Your recent manifesto calling for the formation of a for-profit company to monopolize chess events hit an entirely new low...
To quote another prime example, the recent announcement of Tehran as the site for the upcoming FIDE Championship Finals is a travesty which has left me, and many others, barely able to contain our rage...
It surely hasn’t escaped your attention that the reality today is that FIDE is cheapening and destroying almost everything it touches...
Your legacy is all too clear. Never has FIDE been in such chaos. Never has its reputation sunk so low. Never has it been so isolated from reality. Never, in short, has there been a greater or more urgent need for a fresh start...
On a closing, personal note, I stress that I have no ax to grind about the past, or any political ambition for the future. My sole concern remains what is in the interests of chessplayers of all levels throughout the world. The record shows that although I have never hesitated to criticize FIDE when necessary, I have sometimes found myself almost alone among masters and writers in defending it. <Mr. President, it is time for you and your board to step aside.>
On behalf of chess,
IGM Yasser Seirawan
Seattle, Washington, United States of America
June 12th 2000.
|Jul-07-13|| ||patcheck: I see various possibilities and feels like 18. Nxe6 could be the most promising. Black have many possible answers and there are many sub variations. Let’s analyze some lines.
A) 18. … fxe6 19. exf6
A1) 19. … Bxf6 20. Qxe6+ Be7 [if 20. … Kf8 21. Qxf6+ Kg8 (not 21. … Ke8 22. Re1+ and mate next) 22. Kxg2 Qxc6 23. c5 and white will win the d6 pawn, be 03 pawns up with a passed pawn on d6]
21. c5 Bb7 (not 21. … dxc5 Kxg2 and white is a pawn up with a strong attack nor 21. … Bc6 22. Nc4 and black cannot play 22. … Bd7 because of 23. Nxd6+ nor 22. … dxc5 because of 23. Qxc6+)
22. Re1 (not 22. Nc4 because of 22. … Bc8) 22. … Qc7 (forced) 23. Nc4 with many threats (24. Nxd6+ / 24. cxd6 winning back the bishop / 24. Ne5 threating mate on f7).
Let’s check black possibilities :
A1a) 23. … Bc8 24. cxd6 Bxe6 25. dxc7 Rc8 26. Rxe6 Rxc7 27. Rxa6 (or maybe 27. Rae1) and white is three pawns up and should win relatively easily.
A1b) 23. … Rf8 24. Nxd6+ Rxd6 25. cxd6 and black is lost
A1c) 23. … dxc5 24. Rad1
A1c1) 24. … Rxd1 25. Rxd1
A1c1a) 25. … Kf8 26. Ne5 and black is lost, for instance :
26. … Bd8 27. Rxd8+ Qxd8 28. Qf7# / 26. … Bg5 27. Rd7 Qxd7 (to avoid mate) 28. Qxd7 and everything is over.
A1c1b) 25. … Bc8 seems to win for black. Indeed, doesn’t work 26. Nd6+ Qxd6 27. Qxc8+ Kf7 and white no has check and looses.
So the line A1c) : 18. Nxe6 fxe6 19. dxf6 Bxf6 20. Qxe6+ Be7 21. c5 Bb7 22. Re1 Qc7 23. Nc4 dxc5 25. Rad1 doesn’t work because of : 25. … Rxd1 26. Rxd1 Bc8!
And doesn’t work either : 25. Ne5 Bd5 nor 25. Nd6+ Rxd6, so in this line : 23. Nc4 seems wrong. So, what else ? The only other possibility seems to be : 23. Rad1
So let’s try : 18. Nxe6 fxe6 19. dxf6 Bxf6 20. Qxe6+ Be7 21. c5 Bb7 22. Re1 Qc7 23. Rad1
a) 23. … dxc5 24. Rxd8+ Qxd8 25. Nc4
a1) 25. … Bd5 26. Qe5 Rg8 27. Nd6+ doesn’t work either.
Time to look to the solution … Waouh: what a great combination. Did Kasparov foresee everything ? I don’t know but it’s an extraordinary combination.
|Jul-08-13|| ||JASAHA: I think Salov's critique of chess where one of
the players has a team of other players working
on opening novelties and database/computer sources is fair. That is what chess has become, and to keep up, vast amounts of information has to be processed. A player who does not do this is no worse a player. He/she just won't win as much and is at a disadvantage.
|Jul-08-13|| ||Check It Out: <RandomVisitor> Thanks for posting those letters, very interesting.|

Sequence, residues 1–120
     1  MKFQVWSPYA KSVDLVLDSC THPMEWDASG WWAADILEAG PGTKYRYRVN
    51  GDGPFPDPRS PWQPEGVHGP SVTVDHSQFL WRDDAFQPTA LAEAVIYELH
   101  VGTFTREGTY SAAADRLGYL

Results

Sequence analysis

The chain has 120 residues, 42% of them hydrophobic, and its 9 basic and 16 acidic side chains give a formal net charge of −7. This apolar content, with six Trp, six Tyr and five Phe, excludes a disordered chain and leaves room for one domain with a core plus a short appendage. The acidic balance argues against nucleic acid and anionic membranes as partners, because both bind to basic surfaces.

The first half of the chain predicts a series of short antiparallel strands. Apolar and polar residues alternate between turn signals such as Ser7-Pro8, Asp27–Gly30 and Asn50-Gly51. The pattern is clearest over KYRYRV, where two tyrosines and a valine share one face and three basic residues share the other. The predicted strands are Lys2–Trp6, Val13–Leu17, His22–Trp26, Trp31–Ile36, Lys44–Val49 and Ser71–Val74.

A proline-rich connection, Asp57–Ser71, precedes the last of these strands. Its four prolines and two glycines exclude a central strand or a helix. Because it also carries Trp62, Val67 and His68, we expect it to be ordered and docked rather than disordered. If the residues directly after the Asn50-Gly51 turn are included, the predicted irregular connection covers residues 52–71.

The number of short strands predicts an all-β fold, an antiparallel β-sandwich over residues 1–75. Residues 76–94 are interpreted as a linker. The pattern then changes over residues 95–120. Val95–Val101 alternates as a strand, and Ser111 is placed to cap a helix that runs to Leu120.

|Jul-08-13|| ||Check It Out: <JASAHA> At the highest level having the skill to put together a good team is just as important as as winning the supported chess game for long-term results. |
To say that Kasparov is no better than other top GMs, just with a better team, is turning a blind eye to 20 years of domination and games written in stone.
|Jul-08-13|| ||JASAHA: I think that big patronage for big propaganda makes for some of the top rankings. I'd like to see Kasparov play Salov now in a FisherRandom tournament. After all the placement if the Knights and Bishops at the start of a game is arbitrary.|
|Jul-08-13|| ||JASAHA: Putting together a "high level team " requires money. Fischer defeated not only Spasky but also his team (single-handled). The era of Gentleman chess is dead. It is now all computers, databases, prep teams etc.|
|Sep-11-14|| ||SpiritedReposte: This game is Titanical.|
|Nov-03-14|| ||Strelets: Kasparov in the late '80s is the closest thing I've ever seen to Alekhine in the late '20s-early '30s. There is so much fire in their play; time and initiative triumph over material again and again as opponents are torn asunder. It's just one brilliancy, one display of unbridled imagination after another.|
|Jul-10-15|| ||Albion 1959: More typical "Kaspowerov" energy. A typical GK game with line opening pawn moves and subtle queen moves. I first saw this game when it came out. There are parallels with Alekhine and even Tal when you see games like this. Not even Fischer at his peak could play like this. I can't think of any of his games where he keeps up this kind of pressure.|
|Jul-22-15|| ||Albion 1959: Had another look at this game again. It looks as if 12.Nd5! ruffled Salov. Maybe if he had played g6 with a view to a fianchetto with Bg7 he may have fared better?
But he appears to be doing okay up to move 14, he only needs to castle and he will have a decent position. But from move 15 onwards Kasparov sees his chance and starting with 15.Bxf6 he puts Salov under pressure and never gives him a free move for the rest of the game !!
Moves like 17.e5 and 19.Nxe6!! are typical Kasparov. According to Rybka 16. Rc7 was better than Rd8? And also 17. Bxg2? allows the e-pawn to become a problem. Better was dxe, though after Nc6 white is still active, but black may yet be able to fend off the attack.
One of GK's lesser known attacking wins:|
|Mar-18-17|| ||Saniyat24: brilliant...absolutely brilliant...!!|
|Aug-15-18|| ||fiercebadger: after 12 Nd5 exd exd my engine gives Bb2 followed by Rae1 , a very slow burn attack ! impressive if found OTB|
|Aug-15-18|| ||WorstPlayerEver: Ridiculous game, where Black refuses to develop their kingside. After 10... Qc7|
click for larger view